Only 30% of the nation's hospitals have devised a strategy to make information systems fit to handle dates in the year 2000 and beyond, according to a new survey.
Computer experts warn healthcare executives they will be facing the fallout of millennium-related glitches well before the year 2000 as longer-range clinical and business regimens cross the calendar line.
But according to the survey, more than 40% of respondents are projecting they won't finish their fixes until 1999 or later. What's more, nearly 20% have no plans to address the problem.
The state of preparedness for date-related computations into the next century was a focus of the third annual healthcare technology survey conducted by Gordon & Glickson, a Chicago-based law firm specializing in information and communications technologies.
The survey, conducted from Oct. 16 to Dec. 1, 1996, netted 146 responses, or a 9% response rate from a mailing list of 1,700 hospital executives nationwide. Results were released late last month.
Computer systems and computer-assisted devices at hospitals affix dates on a wide range of electronic data, from patient diagnostic tests to inventories of drugs. A significant percentage of dates are computed by subtracting an original calendar date from the current date.
But in those dates, the years are represented only by their last two digits in much of the computerization upon which hospitals depend. That computation will go haywire when the calendar is reset to 00, the way computers will see 2000.
Healthcare information systems companies and consultants are warning that it could take hospitals two years or more to investigate the maze of computer technology for faulty formulas, acquire the products and expertise to fix them, and fully test the results (Feb. 17, p. 98).
But only 10% of respondents had started on a plan to solve the problem before 1996. Another 16% had joined them by the end of that year. So as of the beginning of 1997, three of every four hospitals surveyed were yet to start.
A burst of action is projected this year (See chart, p. 50), but 25% don't plan to launch a corrective action until 1998 or later, and nearly 20% don't plan to launch one at all.
Hospitals that fritter away the time and start experiencing date-related complications are risking legal consequences, both from the mishandling of their fiduciary responsibilities and from exposure to malpractice, said Diana McKenzie, a partner at Gordon & Glickson.
At the least, caregivers can order the wrong drug or the wrong treatment for a patient based on a mistaken age. Crucial medication may be withheld even though it's available because a computer incorrectly declared the supply too old to use.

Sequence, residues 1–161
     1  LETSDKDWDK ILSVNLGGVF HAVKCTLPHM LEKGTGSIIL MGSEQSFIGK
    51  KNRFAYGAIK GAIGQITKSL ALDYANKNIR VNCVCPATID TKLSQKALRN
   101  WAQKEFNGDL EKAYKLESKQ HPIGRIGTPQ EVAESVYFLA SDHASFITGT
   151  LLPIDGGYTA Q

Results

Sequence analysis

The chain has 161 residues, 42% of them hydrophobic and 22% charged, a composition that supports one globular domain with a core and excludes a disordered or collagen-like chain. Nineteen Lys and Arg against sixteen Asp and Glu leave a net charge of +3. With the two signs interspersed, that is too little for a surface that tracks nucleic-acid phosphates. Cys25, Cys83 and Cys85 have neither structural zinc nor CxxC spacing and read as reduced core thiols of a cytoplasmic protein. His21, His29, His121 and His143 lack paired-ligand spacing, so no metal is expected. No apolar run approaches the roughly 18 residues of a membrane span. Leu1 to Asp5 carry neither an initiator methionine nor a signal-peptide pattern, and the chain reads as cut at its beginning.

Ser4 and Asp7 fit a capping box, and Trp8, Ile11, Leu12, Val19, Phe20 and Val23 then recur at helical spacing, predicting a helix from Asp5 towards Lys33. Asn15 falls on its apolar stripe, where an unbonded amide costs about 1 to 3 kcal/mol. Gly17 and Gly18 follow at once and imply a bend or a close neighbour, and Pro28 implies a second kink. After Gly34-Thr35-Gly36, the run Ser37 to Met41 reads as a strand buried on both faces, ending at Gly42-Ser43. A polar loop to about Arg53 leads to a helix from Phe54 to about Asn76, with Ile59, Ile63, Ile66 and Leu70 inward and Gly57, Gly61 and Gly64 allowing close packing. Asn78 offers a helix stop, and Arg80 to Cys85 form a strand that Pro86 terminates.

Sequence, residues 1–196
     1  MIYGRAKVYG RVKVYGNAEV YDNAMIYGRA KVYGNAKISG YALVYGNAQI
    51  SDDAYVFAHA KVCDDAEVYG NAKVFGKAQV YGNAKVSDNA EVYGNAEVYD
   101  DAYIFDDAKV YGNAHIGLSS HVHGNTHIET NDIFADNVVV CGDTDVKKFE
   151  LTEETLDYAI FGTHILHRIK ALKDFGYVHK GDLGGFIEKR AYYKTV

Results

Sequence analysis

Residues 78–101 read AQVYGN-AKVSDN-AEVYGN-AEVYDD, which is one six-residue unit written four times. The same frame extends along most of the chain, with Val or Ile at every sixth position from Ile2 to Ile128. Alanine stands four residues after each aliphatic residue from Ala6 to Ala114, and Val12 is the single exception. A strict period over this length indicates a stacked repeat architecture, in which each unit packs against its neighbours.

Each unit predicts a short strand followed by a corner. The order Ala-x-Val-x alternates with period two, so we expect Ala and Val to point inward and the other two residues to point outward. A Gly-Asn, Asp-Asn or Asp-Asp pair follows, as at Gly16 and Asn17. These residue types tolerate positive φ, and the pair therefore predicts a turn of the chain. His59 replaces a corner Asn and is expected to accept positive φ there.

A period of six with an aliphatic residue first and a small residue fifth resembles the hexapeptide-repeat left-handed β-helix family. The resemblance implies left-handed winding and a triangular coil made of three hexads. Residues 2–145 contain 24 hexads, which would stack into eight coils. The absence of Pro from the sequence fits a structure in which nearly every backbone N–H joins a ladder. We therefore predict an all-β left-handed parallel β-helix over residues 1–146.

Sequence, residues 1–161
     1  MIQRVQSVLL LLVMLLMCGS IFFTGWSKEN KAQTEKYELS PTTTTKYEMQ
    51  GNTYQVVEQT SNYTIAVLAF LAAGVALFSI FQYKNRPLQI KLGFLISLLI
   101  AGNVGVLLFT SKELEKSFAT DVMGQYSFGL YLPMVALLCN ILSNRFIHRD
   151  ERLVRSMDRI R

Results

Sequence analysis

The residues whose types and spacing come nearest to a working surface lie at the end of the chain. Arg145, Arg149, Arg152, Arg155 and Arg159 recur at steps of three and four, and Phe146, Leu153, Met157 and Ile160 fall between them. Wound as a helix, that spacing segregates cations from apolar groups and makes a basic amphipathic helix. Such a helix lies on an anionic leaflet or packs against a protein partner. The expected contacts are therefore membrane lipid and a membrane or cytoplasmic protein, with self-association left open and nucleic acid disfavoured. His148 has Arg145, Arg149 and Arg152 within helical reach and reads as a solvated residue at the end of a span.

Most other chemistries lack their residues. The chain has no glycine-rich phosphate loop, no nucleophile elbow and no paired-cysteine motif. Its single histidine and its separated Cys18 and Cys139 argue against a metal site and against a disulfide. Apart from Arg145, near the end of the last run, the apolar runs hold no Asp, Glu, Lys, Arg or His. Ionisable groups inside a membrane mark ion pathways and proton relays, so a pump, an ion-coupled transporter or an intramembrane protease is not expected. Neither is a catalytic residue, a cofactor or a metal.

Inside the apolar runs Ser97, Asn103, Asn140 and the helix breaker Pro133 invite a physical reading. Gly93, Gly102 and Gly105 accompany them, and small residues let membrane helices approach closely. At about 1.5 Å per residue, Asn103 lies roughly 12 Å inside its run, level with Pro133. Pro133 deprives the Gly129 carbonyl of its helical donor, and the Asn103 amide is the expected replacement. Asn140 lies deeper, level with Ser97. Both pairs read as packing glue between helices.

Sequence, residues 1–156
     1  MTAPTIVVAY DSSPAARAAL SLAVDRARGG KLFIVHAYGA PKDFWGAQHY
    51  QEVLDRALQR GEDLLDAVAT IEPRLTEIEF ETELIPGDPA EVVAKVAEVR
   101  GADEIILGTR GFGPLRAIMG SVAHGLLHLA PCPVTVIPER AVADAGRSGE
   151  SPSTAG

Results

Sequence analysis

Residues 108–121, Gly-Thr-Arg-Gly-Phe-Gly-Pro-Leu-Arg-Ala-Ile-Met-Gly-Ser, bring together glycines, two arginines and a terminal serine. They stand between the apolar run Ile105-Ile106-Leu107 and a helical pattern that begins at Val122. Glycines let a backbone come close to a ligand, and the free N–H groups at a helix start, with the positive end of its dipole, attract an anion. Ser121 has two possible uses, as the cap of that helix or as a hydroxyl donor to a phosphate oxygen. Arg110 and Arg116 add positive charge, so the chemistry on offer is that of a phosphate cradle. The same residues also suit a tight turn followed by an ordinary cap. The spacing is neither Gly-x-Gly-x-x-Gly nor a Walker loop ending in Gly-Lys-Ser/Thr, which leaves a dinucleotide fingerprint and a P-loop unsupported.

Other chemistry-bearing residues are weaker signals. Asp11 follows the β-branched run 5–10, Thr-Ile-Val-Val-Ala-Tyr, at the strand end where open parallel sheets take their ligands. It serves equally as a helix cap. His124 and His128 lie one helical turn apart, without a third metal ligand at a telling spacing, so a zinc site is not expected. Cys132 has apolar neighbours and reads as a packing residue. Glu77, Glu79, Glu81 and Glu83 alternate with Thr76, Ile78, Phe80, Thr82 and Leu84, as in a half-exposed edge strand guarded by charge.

A computer crisis that results from date confusion could make patient histories inaccessible in an emergency involving, for example, a longtime diabetes patient with a separate acute problem, McKenzie said.
A decision could be made that harms rather than helps a diabetic patient, even though the hospital treated the patient for years and has a lengthy record on file.
If a lawyer can show that the patient's history was kept from physicians because of computer problems that could have been resolved well in advance, "it's not a good day in the courtroom for something like that," she said.
Well before it begins to affect acute care, the century-date glitch could put a hospital in a revenue bind by complicating efforts to schedule long-term cancer treatment or other chronic-care tests and therapy, she added. And obstetrics operations will start running into trouble sometime in March 1999.
The price of waiting to correct the problem already is climbing. With every new contract signed by firms in the business of solving century-date problems, "the price is going up astronomically," McKenzie said.
Increases of 15% to 20% for the same services are not uncommon every six months, and contractors aren't guaranteeing fees for any longer than that. Demand-fed prices "are going up so fast that even they can't predict what it will cost," McKenzie said.
Gordon & Glickson currently represents "about a half-dozen" such firms, she said.
The cost is becoming so significant in other industries that accounting standards are treating it as a material fact on a balance sheet that has to be noted to protect against a shareholder suit, McKenzie said.
Some industries are forcing companies to build a cushion into their timetable for making computer systems century-ready. For example, the Federal Financial Institutions Examination Counsel has mandated that all corrections be in place by Dec. 31, 1998, allowing a full year for testing and tinkering.